Winks has shown us that you can shield the ball under pressure you can time a tackle and positively recycle the ball and even develop an attack if you’re quick enough, but you do it by not having your back to the opposition goal and look to make another slow safe pass.
It doesn`t mean he cant be positive and pass incisively but bhe needs to work on it and work on it hard., these things just never seems to make them a natural part of his game. Much the same can be said for knowing when to sit and when to run beyond the oppositions midfield to cause them to worry about your movement and pull them out of shape.
Of course, this dilemma is not really Eric`s fault, we bought him as a Centre Back and then injuries demanded we ask him to ‘do a job`, his versatility and of course his calm and composure on the ball, got most agreeing he could pull it off, and as far as I`m concerned he really did.
But he`s got real competition for that starting berth now in Victor (ok he’s injured but that won’t last forever) or even Winks, although there will be many who think that Winks is too lightweight to play as a defensive minded midfielder, I don’t. Dier has been labelled a versatile or even worse, a utility player.
Versatility is what helped undo AVB; he tried to pretend it was a virtue in his acquisitions. We ended up with an average or slightly above average hand of utility players that never quite worked. I cannot think of a worse curse on a player than exclaiming his ‘versatility`, for me it`s akin to endlessly listening to Gary Lineker trying to be clever when he said “There is no in between – you`re either good or bad. We were in between” – what a genius.
Dier just doesn`t cut it for me, his two recent England performances can be praised for his composure and his leadership and it`s not his fault that Southgate chooses to go with two holding midfielders which belies all his guff about playing without fear he’s been spouting over the last few months and weeks!.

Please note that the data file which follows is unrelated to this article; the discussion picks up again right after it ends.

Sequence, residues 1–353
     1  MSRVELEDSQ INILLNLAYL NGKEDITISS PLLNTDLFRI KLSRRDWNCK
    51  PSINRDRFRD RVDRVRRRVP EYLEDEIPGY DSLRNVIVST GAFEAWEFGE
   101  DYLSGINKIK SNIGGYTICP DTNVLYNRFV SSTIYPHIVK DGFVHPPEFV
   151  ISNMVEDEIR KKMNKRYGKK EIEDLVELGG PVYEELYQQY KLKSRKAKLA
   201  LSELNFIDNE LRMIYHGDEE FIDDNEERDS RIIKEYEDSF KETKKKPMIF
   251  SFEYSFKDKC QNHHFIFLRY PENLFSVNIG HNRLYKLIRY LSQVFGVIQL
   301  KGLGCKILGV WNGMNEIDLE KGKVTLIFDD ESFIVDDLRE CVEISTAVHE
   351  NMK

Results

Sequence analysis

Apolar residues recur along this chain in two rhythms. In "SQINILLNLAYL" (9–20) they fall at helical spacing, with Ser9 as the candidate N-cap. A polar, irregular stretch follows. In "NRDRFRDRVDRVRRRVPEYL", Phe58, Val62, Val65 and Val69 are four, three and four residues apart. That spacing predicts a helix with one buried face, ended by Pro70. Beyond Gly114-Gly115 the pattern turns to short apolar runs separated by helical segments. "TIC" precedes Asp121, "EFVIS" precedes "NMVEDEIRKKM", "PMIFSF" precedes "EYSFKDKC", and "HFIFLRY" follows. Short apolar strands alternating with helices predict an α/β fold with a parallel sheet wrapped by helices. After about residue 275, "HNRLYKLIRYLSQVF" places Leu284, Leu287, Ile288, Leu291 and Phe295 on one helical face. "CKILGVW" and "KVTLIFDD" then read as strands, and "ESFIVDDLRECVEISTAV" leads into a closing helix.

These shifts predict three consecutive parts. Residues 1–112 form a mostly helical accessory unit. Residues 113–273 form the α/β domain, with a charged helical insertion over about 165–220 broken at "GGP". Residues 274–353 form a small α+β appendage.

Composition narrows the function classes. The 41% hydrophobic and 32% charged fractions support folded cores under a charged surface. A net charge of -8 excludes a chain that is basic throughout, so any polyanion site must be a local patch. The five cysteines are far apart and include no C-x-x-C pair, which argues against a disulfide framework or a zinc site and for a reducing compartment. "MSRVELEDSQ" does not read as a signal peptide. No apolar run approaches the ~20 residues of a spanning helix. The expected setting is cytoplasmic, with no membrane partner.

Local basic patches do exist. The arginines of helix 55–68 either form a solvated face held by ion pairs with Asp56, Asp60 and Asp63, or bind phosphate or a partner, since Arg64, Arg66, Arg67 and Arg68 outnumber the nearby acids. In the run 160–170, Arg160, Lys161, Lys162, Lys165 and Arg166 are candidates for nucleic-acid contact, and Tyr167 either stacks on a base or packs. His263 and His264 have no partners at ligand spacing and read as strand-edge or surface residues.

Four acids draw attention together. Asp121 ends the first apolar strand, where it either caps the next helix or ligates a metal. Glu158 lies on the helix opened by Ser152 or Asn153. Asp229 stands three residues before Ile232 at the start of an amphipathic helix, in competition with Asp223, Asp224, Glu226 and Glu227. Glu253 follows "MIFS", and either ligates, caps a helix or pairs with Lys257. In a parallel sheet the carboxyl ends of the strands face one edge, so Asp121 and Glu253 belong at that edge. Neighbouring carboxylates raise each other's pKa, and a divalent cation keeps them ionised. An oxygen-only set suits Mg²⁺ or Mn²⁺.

He has of course exemplified the qualities needed in a Captain for most of those two games, he did exactly what was asked of him, but I think he could have done much more and the fact that he didn’t when the opportunities for positive attacking play were there underline his defensive back line credentials, not that of a midfield general.
Unless he can learn to curb the tendency to play safe – which tends to slow us down again and again, must mean that sooner or later as new squad competition develops (or is bought in) he will, in my opinion, be struggling to hold a starting midfield position down.
As it is, we`ve now bought Sanchez, who has played to universal acclaim and looked like he`s played in the Premier league for years.
You might think that this has completely blocked Diers immediate way back to where he belongs, but I strongly believe that is not the case – perhaps next summer, like it or not, we`ll be forced to sell Toby for a busting gut load of money (I think the decision has been made and informal talks between suitors may already have occurred) and we can then decide that either we don`t need to replace him or we go back out into the market, or perhaps (unlikely so) take a gamble with Cameron Carter Vickers who in fairness has done nothing but impress on his loan, and some are so impressed with his progress that we just might be holding onto him next summer, which is an outcome I have to say I thought was very unlikely.
So someone hurry up and do the wake up and smell the coffee speech to Eric, or if necessary give him a slap and tell him to stop being silly because if he isn`t smart, he could end up being gobsmacked when he`s another Englishman that can`t make the starting 11 moreoften than not.
If that happens it will be a tragedy for us and England, if not him seeking a pretty swift exit.